Also we have to kinda engage the people so that they can bring out much more in the video. Well do your best with the edit and remember:

"Only good editing can bring life to a motion picture!
The Various shots are just so many odd pieces of film until
they are skillfully assembled to tell a coherent story.
Cutting takes up the slack of the film."
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Old November 8th, 2005, 02:37 PM   #4
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"Shaky cam....the Bestman made an 8 minute toast. 8 MINUTES! I can't hold a camera still for 8 time, have the tripod or monopod ready. Luckily i had a camera on a tripod also recording the toast. "

hehehee 8 minutes?? wait till u hit the 90minute speech marathon... now thats a friggin nightmare..

congrats on gettin ur first wedding shot, and with weddings, and like any live event, being prepared is the key...

I sometimes shoot with 2 cameras, and when i do, i always have one cam on sticks shooting the speaker (speechmaker) in full.. the second cam which is handheld is shooting cutaways.

i usually ask my clients how long they think the speeches will be before the actual wedding date and i advise them that if they want to take advantage of the dancefloor and actualy have fun, dont let speeches go over 30minutes in total.. also i dont have to edit speeches if theyre not that long...and its actually watchable as oppsed to someone feeling the limelight and just babbling on like a moron (which is quite common)
As speeches arent a common thing for most of those speaking, they forget that theyrr actually there to toast the bridal party.. instead, some try to be comedians, while others like to bask in the limelight... numerous times ive given the speaker the windup signal when i notice theyve been taklin for 45minutes... they dont like it, but it works..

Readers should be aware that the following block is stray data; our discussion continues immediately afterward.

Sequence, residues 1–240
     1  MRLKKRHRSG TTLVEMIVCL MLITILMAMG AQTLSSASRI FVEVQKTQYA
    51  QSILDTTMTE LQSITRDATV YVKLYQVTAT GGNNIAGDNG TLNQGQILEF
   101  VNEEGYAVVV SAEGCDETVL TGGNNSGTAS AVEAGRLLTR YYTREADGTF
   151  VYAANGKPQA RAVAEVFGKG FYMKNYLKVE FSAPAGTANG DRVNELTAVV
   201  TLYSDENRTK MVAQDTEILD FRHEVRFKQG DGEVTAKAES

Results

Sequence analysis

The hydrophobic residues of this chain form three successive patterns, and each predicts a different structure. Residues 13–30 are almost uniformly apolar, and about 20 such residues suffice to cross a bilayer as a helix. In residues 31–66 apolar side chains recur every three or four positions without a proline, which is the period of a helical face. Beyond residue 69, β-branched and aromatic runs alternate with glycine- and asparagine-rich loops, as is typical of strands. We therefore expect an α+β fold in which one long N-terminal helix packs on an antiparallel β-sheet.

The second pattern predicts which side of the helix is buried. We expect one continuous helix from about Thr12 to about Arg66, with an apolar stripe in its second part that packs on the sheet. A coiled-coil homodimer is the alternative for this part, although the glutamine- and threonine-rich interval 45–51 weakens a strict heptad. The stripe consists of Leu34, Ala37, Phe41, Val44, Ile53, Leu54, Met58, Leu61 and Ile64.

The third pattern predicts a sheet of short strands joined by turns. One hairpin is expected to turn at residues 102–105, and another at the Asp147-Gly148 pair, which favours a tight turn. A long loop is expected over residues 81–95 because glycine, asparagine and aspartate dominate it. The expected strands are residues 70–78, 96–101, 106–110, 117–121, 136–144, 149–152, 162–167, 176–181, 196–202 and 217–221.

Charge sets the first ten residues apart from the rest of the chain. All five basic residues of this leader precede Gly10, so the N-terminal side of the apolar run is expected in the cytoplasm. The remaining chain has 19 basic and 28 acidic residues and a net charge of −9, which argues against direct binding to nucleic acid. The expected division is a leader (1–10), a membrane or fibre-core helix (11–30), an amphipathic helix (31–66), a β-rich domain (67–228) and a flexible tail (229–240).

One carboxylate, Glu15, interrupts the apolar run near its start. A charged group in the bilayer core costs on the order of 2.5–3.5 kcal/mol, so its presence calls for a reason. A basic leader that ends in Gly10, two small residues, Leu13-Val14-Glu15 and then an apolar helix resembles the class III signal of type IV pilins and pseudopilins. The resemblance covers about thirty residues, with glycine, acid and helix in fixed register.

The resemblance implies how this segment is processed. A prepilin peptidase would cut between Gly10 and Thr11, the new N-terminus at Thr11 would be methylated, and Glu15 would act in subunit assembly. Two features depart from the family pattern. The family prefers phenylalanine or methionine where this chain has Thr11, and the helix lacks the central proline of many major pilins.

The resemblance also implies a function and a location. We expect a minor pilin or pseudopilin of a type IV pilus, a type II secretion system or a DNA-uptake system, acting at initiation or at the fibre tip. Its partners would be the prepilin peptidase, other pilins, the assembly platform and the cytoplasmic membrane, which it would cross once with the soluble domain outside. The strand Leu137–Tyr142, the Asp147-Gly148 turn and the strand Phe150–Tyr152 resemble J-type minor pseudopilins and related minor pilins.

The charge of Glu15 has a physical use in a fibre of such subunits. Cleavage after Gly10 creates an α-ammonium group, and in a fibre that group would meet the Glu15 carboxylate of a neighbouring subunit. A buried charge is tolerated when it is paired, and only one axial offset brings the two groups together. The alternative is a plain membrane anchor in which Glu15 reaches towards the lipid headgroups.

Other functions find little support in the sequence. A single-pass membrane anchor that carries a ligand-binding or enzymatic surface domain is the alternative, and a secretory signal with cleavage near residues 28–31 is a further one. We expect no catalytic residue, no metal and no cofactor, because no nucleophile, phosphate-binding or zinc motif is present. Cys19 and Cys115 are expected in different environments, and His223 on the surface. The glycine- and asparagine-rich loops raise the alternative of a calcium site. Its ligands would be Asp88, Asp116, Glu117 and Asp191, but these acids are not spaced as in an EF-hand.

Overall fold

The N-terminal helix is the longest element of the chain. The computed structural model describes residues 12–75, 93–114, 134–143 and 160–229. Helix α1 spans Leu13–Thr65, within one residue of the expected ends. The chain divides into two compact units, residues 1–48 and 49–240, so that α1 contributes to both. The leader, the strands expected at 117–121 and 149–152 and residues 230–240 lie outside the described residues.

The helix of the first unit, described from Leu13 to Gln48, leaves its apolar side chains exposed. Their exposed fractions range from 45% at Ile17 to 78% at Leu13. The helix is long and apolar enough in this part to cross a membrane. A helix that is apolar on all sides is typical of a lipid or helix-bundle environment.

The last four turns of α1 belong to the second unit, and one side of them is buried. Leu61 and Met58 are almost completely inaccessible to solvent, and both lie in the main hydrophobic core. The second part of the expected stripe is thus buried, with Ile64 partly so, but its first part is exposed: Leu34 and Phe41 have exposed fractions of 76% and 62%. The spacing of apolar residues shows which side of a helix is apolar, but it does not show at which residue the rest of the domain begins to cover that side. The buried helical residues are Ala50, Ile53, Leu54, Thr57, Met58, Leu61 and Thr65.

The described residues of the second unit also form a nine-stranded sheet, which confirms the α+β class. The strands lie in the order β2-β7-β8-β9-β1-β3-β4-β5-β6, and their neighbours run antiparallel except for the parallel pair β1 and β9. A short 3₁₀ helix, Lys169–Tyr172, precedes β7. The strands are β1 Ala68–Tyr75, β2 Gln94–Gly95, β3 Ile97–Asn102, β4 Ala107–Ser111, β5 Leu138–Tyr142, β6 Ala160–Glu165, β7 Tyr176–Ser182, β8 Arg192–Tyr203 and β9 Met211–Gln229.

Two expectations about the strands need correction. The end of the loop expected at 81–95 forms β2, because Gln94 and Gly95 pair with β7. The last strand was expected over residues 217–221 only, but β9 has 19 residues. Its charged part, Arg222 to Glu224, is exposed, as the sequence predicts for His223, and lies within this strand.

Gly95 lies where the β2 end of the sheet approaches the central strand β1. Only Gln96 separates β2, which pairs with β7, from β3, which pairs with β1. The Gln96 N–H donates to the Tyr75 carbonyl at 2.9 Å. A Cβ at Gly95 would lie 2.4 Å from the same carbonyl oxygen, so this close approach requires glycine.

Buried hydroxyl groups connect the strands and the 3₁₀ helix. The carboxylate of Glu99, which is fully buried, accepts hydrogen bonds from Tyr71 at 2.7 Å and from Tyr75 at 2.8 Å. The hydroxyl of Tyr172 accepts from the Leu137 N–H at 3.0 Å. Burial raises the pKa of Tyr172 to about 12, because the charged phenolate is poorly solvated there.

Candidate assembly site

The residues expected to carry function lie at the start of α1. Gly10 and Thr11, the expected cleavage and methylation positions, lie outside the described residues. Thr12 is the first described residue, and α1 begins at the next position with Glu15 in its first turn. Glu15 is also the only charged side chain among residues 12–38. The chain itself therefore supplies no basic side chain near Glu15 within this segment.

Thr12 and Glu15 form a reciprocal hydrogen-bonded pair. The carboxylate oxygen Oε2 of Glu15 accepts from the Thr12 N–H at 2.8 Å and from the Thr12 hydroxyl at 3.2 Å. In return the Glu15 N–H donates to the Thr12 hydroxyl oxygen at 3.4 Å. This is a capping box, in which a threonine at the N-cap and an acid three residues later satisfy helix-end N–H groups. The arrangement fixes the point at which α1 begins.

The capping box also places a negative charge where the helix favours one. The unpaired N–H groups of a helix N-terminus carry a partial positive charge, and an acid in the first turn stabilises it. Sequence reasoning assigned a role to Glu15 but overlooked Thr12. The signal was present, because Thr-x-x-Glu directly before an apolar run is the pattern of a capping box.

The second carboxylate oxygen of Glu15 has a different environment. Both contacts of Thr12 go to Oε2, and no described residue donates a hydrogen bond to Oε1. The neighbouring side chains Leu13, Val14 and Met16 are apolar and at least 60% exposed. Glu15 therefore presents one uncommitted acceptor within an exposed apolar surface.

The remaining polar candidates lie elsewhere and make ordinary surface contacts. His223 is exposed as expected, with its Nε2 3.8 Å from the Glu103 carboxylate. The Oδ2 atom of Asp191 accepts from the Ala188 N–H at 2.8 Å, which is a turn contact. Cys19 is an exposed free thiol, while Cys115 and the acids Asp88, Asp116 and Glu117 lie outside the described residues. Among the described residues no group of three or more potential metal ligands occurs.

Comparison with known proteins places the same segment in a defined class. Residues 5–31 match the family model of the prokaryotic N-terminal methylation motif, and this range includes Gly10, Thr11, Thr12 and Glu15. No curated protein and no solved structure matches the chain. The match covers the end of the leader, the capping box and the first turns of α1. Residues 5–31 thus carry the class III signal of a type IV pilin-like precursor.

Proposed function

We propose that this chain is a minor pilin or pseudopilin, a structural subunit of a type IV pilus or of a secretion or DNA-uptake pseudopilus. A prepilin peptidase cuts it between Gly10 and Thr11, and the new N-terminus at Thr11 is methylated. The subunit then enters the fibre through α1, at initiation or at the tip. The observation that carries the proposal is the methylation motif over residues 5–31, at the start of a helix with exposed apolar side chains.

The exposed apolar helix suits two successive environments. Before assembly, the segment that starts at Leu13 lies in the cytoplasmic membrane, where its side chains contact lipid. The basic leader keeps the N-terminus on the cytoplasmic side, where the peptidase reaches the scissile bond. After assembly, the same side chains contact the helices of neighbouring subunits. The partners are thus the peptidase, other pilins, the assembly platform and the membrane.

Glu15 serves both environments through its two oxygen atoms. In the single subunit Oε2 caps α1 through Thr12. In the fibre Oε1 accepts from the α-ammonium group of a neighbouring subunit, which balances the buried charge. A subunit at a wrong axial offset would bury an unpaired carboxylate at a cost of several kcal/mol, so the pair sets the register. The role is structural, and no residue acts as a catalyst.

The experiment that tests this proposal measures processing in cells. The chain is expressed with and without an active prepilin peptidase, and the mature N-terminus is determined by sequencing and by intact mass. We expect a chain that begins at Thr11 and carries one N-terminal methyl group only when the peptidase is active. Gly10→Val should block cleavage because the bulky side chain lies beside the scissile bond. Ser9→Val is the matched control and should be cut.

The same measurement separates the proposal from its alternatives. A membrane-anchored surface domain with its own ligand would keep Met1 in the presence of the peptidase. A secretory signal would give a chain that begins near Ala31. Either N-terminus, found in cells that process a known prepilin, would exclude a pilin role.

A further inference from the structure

im not rude about it, but they need to be considerate to the other speakers as well as the guests.. not to mention the couple who are sittin here for almost an hour, paying big bux for this party reception only to listen to this tripe..

speeches suk
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Old November 10th, 2005, 12:30 PM   #5
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I've never heard a toast go longer than 2 minutes so i wasn't ready for one so long. Just one of those things that only experience can teach you.

And yea, it's like you said, the speech kinda got away from toasting the couple and into a comedy routine. The DJ pretty much had to tell him to "wrap it up"

I can't fully trust what my tripod camera is shootting because maybe someone got in the shot, or bumped the tripod etc I was getting the shot with my in hand cam as well. I did scroll around a bit and focus on the couple, things like that..
Jim Ioannidis is offline   Reply With Quote
Old November 14th, 2005, 01:53 AM   #6
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I had a speech go beyond 10 minutes this summer. It was the governor's daughter's wedding, and at the rehearsal dinner, he gave a very lengthy speech. The worst part is that the speech was actually very good (not surprising, when it's the governor giving the speech). So, I knew that no matter how long he went, I needed to get it all and get it good. Same thing happened the next day during toasts at the wedding. Sheesh.

I also remember my first wedding ever, watching in horror as all the guests stood while the bride entered, and then remained standing for the next 5 minutes of the ceremony. Luckily I use a 3 camera setup, and only 1 of the 3 cam's was blocked. The operator eventually just disengaged and went handheld until everyone sat down.
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Old November 14th, 2005, 10:26 AM   #7
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I'm going thru editing the ceremony now and i didn't realize how long the priest was speaking. Probably because i was busy moving from camera to camera making sure things were looking good.

So now i gotta figure out what to do with his speech. i'll have to sit thru it a couple times and figure out whats good and whats fluff.